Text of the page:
19.40Aa

16.21 Bb

13.27ABc

9.93Bd

T3

19.58Aa

16.50 Bb

12.01Bc

10.20Bc

T4

18.92Aa

15.41 Bb

11.61Bc

9.65Bd

*see Table (1)
A, B, C: Means with the same letter among treatments in the same storage period are not significantly different.
a, b, c: Means with the same letter in the treatment during storage periods are not significantly different.

Table 6. Viable total bacterial count (log cfu/ml) of processed cheese sauces with different preservatives systems when fresh and during storage at (25ºC)

Treatments*

Fresh

Storage period /month

1

2

3

C

2.47

2.90

4.00

4.21

T1

2.40

2.69

3.20

3.67

T2

2.30

2.47

2.80

3.20

T3

2.30

2.47

2.80

3.20

T4

2.20

2.40

2.60

2.90

*see Table (1)

Table 7. Aerobic spore forming bacteria (log cfu/ml) of processed cheese sauces with different preservatives when fresh and during storage at (25ºC)

Treatments*

Fresh

Storage period /month

1

2

3

C

2.00

1.84

1.69

1.47

T1

2.00

1.84

1.74

1.30

T2

2.00

1.69

1.60

1.00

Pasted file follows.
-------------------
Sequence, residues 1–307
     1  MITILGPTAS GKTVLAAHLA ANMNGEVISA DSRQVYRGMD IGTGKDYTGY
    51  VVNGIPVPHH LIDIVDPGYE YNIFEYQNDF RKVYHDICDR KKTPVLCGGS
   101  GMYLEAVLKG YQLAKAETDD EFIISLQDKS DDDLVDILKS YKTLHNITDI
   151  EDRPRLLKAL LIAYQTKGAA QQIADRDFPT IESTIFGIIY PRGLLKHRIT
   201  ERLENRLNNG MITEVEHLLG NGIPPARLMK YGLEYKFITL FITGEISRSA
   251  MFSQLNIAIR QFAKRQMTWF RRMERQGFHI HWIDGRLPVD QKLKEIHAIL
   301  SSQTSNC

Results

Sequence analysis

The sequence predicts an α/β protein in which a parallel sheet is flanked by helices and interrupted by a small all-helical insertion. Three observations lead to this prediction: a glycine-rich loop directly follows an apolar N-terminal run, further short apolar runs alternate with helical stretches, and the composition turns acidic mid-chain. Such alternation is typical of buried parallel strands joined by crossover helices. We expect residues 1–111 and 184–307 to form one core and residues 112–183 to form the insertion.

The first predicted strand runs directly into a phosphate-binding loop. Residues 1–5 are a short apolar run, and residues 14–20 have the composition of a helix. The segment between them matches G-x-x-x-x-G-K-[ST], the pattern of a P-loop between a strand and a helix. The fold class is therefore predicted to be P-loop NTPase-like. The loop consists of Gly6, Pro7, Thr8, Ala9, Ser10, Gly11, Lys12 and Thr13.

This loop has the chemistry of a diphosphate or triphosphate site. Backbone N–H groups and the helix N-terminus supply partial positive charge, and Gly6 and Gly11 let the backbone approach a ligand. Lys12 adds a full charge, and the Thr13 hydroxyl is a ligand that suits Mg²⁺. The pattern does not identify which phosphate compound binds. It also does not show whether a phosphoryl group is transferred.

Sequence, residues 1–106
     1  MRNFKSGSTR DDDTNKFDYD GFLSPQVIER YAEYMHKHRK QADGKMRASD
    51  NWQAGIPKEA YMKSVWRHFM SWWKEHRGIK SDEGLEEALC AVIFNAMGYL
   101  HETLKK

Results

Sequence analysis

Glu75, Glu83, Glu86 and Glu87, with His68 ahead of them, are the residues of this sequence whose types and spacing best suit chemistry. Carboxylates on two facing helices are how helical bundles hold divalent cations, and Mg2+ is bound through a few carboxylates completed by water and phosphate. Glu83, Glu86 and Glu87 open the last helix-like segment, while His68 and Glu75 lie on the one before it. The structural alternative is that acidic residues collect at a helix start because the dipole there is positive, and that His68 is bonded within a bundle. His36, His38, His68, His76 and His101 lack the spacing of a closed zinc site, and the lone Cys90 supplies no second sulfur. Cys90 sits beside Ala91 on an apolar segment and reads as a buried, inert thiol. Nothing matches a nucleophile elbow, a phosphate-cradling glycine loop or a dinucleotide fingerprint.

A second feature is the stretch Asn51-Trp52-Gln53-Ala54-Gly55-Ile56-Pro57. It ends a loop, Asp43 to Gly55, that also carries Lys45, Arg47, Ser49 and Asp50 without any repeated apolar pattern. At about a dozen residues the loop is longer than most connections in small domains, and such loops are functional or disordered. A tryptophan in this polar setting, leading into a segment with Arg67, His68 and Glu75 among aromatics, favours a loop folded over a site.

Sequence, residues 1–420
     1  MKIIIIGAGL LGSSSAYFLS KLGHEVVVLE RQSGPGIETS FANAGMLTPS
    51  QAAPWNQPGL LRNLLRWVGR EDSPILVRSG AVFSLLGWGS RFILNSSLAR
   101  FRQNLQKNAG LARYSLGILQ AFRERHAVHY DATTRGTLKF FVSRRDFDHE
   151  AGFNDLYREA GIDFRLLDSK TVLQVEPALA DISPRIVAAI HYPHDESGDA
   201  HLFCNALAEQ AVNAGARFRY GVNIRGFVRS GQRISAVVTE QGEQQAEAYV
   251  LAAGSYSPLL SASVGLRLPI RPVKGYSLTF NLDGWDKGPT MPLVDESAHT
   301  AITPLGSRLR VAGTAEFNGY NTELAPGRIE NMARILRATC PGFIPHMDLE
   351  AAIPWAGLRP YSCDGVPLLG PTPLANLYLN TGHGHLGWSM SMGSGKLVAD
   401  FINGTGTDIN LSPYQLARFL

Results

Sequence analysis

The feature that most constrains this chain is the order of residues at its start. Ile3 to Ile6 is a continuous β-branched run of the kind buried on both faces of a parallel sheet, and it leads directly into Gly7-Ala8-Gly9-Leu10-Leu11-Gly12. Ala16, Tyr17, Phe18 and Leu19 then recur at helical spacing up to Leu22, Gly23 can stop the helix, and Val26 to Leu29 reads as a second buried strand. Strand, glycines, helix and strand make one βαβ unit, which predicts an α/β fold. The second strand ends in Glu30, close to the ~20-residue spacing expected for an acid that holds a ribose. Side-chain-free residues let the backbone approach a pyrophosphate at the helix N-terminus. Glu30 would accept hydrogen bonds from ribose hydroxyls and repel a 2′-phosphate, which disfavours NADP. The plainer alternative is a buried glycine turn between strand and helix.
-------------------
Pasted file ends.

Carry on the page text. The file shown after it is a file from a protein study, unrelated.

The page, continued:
T3

1.95

1.66

1.47

1.00

T4

1.80

1.47

1.30

0.75

*see Table (1)

Table 8. Anaerobic spore forming bacteria (log cfu/ml) of processed cheese sauces with different preservatives when fresh and during storage at (25ºC)

Treatments*

Fresh

Storage period /month

1

2

3

C

ND

0.70

1.00

1.30

T1

ND

ND

0.77

1.00

T2

ND

ND

0.60

0.75

T3

ND

ND

0.47

0.61

T4

ND

ND

0.30

0.42

*see Table (1)

Table 9. Sensory evaluation of processed cheese sauces with different preservatives systems when fresh and during storage at (25ºC)

Storage
period

Character

assessed

Treatments*

C

T1

T2

T3

T4

Fresh

O. A. (20)

18Aa

18Aa

18Aa

18Aa

18Aa

B&T (40)

38Aa

38Aa

38Aa

38Aa

38Aa

A&F (40)

38.5ABa

39Aa

36Ca

39Aa

37BCa

T (100)

94.5Aa

95Aa

92Aa

95Aa

93Aa

1 Month

O. A. (20)

16.5Aab

17.5Aab

17Aab

17.5Aa

17Aab

B&T (40)

37Aa

37Aab

37Aa

37.5Aa

37Aab

A&F (40)

37.5ABa

38Aab

35Cab

38Aab

36BCa

T (100)

91Aab

92.5Aab

89Aa

93Aa

90Aab

2 Months

O. A. (20)

15Ab

16Abc

16Abc

16.5Aab

16Abc

B&T (40)

34Bb

36Abc

36.5Aab

36.5Aab

36.5Aab

A&F (40)

37Aa

37Abc

34Bb

37Abc

34Bb

T (100)

86Ab

89Abc

86.5Aab

90Aab

86.5Abc

3 Months

O. A. (20)

14Bc

15Ac

15Ac

15.5Ab

15Ac

B&T (40)

33Bb

34.5ABc

35Ab

35.5Ab

35.5Ab

A&F (40)

34BCb

35.5ABc

32Dc

36Ac

33CDb

T (100)

81Bc

85ABc

82ABb

87Ab

83.5ABc

O. A.: Outer appearance B&T: Body& texture A&F: Aroma & flavour T: Total score
*see Table (1)
A, B, C: Means with the same letter among treatments in the same storage period are not significantly different.
a, b, c: Means with the same letter in the treatment during storage periods are not significantly different.